Japan began evacuating people from outside the official exclusion zone around the crippled Fukushima nuclear plant after it was revealed fuel rods there probably melted hours after March's devastating earthquake.
With radiation levels remaining high, small children and pregnant women were the first to be moved, with thousands more to be shifted into shelters and temporary housing.
More details have emerged about the meltdown in Fukushima's No. 1 reactor, with revelations the fuel rods were likely exposed to the air for as long as 14 hours - a fact not discovered until last week.
It appears the rods melted just hours after the earthquake and tsunami struck, dropping to the bottom of the pressure vessel at the core.
It was the news the people of Iitate village had been dreading.
A touch further than 30 kilometres from the Fukushima plant, Iitate was outside the evacuation zone until now.
Because of wind patterns, Iitate and nearby communities have been swathed in high radiation and authorities are not willing to let people stay any longer.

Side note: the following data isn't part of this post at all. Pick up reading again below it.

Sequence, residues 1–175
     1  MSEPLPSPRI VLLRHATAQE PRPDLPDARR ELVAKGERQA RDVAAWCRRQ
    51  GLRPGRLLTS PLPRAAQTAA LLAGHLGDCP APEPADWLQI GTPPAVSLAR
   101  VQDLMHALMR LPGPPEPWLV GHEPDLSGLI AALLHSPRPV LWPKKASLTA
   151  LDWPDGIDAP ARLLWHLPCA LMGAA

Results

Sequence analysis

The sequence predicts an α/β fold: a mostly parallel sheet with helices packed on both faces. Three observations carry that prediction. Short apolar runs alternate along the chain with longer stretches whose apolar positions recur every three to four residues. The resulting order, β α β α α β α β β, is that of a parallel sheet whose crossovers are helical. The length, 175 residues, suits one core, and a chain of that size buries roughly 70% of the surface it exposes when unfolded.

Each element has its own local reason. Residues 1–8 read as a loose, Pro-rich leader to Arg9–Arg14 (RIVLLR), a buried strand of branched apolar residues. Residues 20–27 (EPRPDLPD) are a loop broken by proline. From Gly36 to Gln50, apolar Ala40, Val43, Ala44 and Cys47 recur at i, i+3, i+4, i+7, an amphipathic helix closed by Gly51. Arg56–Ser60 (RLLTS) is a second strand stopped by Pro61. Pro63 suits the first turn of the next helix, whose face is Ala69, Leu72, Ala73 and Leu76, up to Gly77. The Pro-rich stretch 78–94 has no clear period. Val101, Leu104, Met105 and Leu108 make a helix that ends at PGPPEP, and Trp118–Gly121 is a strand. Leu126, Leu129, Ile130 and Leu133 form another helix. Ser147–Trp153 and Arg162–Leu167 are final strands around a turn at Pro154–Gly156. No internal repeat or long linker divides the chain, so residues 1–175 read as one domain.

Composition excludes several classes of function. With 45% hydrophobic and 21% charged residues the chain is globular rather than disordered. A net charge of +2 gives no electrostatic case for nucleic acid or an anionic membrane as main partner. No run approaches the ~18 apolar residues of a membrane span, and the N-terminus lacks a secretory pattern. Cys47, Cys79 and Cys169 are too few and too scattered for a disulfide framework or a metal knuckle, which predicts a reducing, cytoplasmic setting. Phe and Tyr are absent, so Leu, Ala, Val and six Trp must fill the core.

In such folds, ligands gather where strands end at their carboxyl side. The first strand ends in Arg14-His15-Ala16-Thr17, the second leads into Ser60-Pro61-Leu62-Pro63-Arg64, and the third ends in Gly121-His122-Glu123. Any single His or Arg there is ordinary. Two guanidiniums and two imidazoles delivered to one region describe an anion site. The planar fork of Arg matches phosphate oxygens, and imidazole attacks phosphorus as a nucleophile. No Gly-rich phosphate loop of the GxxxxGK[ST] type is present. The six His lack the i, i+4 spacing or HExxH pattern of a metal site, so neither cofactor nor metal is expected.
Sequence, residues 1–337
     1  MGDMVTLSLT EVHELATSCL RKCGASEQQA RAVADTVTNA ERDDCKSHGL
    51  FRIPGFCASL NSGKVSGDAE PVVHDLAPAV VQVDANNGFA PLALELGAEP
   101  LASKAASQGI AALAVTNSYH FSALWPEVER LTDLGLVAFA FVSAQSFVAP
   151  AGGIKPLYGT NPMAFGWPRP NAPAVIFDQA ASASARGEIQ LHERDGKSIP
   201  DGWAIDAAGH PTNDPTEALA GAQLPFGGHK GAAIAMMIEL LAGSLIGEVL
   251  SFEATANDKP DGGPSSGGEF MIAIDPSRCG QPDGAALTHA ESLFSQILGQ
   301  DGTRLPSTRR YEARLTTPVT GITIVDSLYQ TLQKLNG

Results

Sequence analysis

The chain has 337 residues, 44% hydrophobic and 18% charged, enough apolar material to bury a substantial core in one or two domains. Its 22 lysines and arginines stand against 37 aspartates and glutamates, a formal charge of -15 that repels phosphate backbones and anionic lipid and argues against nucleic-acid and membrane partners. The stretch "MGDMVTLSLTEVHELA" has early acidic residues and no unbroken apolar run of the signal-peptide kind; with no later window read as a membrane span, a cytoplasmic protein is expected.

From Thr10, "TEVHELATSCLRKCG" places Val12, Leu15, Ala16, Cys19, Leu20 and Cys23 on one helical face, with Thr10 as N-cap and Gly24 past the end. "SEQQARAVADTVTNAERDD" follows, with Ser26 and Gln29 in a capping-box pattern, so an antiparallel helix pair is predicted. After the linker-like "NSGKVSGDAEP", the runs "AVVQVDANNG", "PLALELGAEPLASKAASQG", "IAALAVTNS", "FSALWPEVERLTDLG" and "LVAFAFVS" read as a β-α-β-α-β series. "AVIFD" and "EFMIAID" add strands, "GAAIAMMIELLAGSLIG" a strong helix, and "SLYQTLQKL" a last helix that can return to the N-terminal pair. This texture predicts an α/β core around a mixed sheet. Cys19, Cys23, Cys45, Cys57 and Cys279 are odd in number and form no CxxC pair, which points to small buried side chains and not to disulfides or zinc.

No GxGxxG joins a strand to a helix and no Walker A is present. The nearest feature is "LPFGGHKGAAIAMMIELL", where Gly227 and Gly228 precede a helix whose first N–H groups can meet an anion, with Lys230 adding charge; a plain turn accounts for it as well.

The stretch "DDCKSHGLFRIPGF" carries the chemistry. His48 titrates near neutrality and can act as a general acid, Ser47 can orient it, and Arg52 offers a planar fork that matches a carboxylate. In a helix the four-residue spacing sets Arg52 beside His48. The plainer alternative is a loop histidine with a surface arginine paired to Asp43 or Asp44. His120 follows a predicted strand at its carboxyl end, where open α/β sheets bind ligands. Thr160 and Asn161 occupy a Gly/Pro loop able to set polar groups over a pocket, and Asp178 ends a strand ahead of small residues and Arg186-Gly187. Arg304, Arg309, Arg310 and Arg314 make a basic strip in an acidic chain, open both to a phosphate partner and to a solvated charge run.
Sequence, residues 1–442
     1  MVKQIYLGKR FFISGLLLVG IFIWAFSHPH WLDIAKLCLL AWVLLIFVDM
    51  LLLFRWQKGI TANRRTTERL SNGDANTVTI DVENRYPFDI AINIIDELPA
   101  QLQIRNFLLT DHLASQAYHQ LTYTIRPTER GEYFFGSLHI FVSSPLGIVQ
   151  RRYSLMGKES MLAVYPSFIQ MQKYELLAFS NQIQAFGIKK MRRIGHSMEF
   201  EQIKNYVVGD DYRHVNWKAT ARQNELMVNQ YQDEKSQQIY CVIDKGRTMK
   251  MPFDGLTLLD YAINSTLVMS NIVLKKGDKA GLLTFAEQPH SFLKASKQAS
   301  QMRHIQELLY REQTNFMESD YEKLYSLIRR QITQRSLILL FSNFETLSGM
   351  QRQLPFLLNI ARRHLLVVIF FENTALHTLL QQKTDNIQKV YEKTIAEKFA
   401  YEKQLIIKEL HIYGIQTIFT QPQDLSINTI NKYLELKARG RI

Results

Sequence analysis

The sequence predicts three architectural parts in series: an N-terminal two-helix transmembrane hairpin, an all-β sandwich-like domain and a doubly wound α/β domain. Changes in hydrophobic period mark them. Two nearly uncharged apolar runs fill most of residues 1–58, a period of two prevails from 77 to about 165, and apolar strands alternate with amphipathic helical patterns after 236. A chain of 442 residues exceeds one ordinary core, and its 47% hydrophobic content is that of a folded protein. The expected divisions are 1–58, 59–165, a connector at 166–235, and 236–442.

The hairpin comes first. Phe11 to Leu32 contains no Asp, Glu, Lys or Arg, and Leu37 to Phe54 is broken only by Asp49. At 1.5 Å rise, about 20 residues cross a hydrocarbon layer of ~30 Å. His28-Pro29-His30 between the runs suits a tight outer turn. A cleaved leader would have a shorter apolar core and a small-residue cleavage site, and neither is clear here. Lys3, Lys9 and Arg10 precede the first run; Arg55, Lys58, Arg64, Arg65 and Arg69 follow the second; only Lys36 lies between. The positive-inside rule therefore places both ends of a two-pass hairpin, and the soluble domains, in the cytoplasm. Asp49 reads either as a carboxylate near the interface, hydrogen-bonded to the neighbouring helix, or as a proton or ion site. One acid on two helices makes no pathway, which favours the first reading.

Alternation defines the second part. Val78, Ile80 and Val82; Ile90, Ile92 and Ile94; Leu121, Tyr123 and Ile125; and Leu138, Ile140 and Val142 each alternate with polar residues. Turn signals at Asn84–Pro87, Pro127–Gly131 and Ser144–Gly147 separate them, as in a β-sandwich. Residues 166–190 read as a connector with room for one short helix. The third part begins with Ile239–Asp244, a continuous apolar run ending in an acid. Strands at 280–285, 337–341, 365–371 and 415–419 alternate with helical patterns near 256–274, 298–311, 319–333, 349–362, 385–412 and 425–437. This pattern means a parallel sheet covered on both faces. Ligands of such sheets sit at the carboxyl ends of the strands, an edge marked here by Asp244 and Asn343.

"I'm sure most of you have lived in this village all your lives and have never planned on moving," mayor Norio Kanno told residents.
"To those of you that I now have to ask to pack up and leave your homes, I am deeply sorry."
After the plant's operator, TEPCO, told the Japanese people that things were stabilising at Fukushima, it is now clear they knew far less about the situation than they were willing to admit.
About 8,000 Iitate residents and those in the nearby village of Kawamata are being asked to move, joining the tens of thousands who have already been forced out of their homes by the nuclear crisis.
They will be put up in hotels, public housing and evacuation shelters, and no-one knows when they will be allowed to return.
"It's such an incredible shame to have to leave the house I've lived in for so long," one elderly resident said.
"I can't express it in words."